Friday, May 31, 2013
The hundreds of young men who played high school baseball in Georgetown in the last 44 years have one thing in common: they all played for coach Mike Johnson.
The next hundreds will not have that pleasure.
Johnson retired from coaching at Georgetown High School on Wednesday. He also coached at Howard and Winyah high schools.
Tony Jordan played for Howard in 1971 when Johnson got his first head coaching job. It was Howard’s first year competing in baseball.
“He is definitely a special individual,” Jordan said. “He has given his entire life to the kids. I have great respect for him. He’s made a huge difference in a lot of kids’ lives.”
Johnson showed his prowess in coaching early, leading the Tigers to a tie for the conference championship in that inaugural season.
Howard and Winyah were segregated at the time, but Jordan said Johnson treated everybody equally. And he treated them like they were his own children.
“He took us in just like he was a parent,” Jordan said. “His concern was for not only being a coach but being a mentor, being a person who teaches more than just baseball.”
If a player’s family didn’t have money to buy a glove or a pair of cleats, Johnson would buy them.
Jason West, who played for Georgetown High from 1991-1994, got a glove from Johnson during his junior year Johnson told West to pay him back whenever he could.
It took West all season to earn enough money to pay for the glove, but when he went to give it to Johnson, Johnson said “what glove?”
After he graduated, whenever West needed money he could count on Johnson to pay him to do some work, either at Mike Johnson Park, or at the farm Johnson’s dad owned.
“He always looks out for his former players,” West said.
West spent the last two seasons on Johnson’s coaching staff.
Waccamaw High baseball coach Jeff Gregory got his start when Johnson hired him to coach the Bulldogs’ pitchers and catchers in 1998.
Gregory said the fact that he was young and strong and could help maintain the field helped get him the job.
“He accidently taught me the game of baseball,” Gregory said. “I’ve learned a vast amount from him and emulated a lot of things he’s done.”
“Guys like him, you don’t get many of them any more,” Gregory added.
Bobo Thompson, who was on the Winyah team that won the Lower State title in 1980, credits a lot of Johnson’s success to his mastery of the rules.
“He didn’t need a rule book, the rules were in his head,” Thompson said. “He knew the rule book better than the umpires did and used that to his advantage.”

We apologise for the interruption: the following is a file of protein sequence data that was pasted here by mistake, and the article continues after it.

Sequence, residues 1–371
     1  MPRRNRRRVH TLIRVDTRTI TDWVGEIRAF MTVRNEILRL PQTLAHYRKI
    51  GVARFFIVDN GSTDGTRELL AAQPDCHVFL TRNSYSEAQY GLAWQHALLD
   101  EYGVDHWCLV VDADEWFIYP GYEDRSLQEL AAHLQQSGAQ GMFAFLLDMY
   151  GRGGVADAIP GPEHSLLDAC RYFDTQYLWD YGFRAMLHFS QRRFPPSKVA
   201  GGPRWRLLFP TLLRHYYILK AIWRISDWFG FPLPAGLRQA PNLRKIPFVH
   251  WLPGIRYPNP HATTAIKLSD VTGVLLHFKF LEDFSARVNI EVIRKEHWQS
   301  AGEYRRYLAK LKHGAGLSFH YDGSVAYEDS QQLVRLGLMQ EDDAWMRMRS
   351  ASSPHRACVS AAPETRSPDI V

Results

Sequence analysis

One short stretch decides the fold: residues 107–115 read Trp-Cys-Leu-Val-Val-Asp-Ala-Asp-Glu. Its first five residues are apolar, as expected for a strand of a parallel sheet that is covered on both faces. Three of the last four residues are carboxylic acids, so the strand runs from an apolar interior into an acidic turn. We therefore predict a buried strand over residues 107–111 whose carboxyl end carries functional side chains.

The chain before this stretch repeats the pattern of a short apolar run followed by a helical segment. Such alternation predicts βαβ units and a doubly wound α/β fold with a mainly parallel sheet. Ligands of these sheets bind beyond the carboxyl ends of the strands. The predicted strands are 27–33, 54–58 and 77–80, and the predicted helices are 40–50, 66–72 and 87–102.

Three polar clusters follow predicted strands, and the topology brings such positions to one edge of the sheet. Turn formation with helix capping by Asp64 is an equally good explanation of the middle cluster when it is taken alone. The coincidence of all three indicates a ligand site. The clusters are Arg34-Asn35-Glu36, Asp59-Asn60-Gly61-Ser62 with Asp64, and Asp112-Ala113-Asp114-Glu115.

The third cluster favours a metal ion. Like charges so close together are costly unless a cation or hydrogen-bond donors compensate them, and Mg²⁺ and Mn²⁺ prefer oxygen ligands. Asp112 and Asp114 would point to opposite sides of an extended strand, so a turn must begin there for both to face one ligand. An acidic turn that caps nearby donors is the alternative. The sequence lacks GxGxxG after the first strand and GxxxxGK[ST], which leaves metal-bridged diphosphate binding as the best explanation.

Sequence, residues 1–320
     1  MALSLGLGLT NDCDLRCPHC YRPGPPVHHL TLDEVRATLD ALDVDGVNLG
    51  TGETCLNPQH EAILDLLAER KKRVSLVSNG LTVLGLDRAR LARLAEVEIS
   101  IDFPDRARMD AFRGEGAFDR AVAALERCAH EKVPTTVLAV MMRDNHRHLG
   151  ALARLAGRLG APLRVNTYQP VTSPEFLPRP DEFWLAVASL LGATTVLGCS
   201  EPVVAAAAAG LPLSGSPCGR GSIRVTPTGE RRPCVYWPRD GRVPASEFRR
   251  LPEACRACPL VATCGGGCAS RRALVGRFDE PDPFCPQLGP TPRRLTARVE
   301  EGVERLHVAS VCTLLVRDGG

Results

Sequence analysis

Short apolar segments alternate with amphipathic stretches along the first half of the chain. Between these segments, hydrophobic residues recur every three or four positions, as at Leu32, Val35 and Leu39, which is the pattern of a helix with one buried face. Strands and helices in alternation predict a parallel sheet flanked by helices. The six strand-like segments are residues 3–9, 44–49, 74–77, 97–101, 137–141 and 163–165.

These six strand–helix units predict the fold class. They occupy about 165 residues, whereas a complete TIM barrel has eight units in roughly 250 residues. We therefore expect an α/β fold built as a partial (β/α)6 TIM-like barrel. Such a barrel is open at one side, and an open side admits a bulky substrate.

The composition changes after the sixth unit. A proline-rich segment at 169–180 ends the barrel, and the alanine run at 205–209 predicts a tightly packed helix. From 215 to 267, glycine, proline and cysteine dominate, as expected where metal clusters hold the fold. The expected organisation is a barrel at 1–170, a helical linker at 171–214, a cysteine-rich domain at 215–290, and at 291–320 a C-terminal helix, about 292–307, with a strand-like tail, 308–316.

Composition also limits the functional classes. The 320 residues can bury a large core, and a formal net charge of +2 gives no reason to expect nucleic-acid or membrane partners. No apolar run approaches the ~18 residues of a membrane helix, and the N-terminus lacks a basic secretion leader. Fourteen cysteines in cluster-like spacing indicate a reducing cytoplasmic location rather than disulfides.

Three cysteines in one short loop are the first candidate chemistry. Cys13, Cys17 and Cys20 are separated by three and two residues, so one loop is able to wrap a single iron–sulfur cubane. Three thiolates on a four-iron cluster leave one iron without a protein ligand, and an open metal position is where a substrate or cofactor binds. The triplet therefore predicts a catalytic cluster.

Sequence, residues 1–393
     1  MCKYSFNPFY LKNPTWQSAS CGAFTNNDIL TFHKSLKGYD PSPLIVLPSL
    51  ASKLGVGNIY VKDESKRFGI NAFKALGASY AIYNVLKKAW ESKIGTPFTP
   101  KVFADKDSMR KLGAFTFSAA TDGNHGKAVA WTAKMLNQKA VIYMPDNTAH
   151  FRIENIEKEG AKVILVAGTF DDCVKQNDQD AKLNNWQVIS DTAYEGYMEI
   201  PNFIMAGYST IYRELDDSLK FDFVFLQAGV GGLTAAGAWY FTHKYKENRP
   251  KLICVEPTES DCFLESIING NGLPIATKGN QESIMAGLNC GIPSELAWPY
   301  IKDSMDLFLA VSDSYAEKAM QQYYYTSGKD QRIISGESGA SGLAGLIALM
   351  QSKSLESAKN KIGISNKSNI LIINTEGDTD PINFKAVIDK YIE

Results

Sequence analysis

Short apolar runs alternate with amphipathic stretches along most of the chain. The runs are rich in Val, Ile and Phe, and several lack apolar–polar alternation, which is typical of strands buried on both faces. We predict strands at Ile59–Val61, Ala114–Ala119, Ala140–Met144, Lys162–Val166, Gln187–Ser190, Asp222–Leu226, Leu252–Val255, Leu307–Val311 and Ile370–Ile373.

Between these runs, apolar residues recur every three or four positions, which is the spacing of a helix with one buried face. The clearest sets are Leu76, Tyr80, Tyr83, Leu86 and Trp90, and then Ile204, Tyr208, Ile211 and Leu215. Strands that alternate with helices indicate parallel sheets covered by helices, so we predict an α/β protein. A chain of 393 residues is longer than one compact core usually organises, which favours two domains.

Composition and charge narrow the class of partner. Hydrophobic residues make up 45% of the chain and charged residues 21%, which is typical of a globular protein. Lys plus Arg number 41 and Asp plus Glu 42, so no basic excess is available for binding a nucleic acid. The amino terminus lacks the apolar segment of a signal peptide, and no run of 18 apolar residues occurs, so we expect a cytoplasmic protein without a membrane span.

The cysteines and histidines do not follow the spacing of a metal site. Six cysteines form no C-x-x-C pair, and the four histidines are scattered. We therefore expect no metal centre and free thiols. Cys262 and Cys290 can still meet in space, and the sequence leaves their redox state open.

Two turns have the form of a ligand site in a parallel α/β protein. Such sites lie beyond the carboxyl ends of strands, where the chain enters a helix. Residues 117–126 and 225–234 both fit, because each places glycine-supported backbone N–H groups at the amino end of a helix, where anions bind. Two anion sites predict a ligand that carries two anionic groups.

Thompson said Johnson’s knowledge of the rules was so well-known, he could convince people that there was a rule, when in actuality, there wasn’t.
Thompson’s son Carter, a ninth-grader, played junior varsity this season. Watching Johnson coach his son convinced him that the old coach had mellowed a little bit.
“A lot of the things the kids do now, if we had done that back then he would have frowned on it,” Thompson said.
Joe Isaac, who hired Johnson away from Howard in 1976, said the coach also had a knowledge of the game, knowledge of people and the ability to reach people.
“He could get the best out of whatever he had,” Isaac said. His teams “achieved to the maximum.”
Isaac and Johnson have been friends since their pre-teen years playing recreation baseball. They were seniors at Winyah High when the school finally started a baseball team.
Before becoming athletic director at Winyah, Isaac coached baseball and his Gators were the first team Johnson beat as a head coach.
Isaac later spent 30 years at Johnson’s side in the dugout before retiring two years ago.
“He kept up with the game he didn’t let the game slip by him,” Isassc said.
Even at 65, Johnson could still relate to his players.
“He always talked to us straight,” said Seth Wall, a junior on this year’s squad. “We could always go talk to him if we needed to. I really appreciate all he’s done for us.”
Wall will be a member of the first Georgetown High baseball team coached by someone other than Mike Johnson next year.
"Senior year is definitely going to be different without him out there." By Chris Sokoloski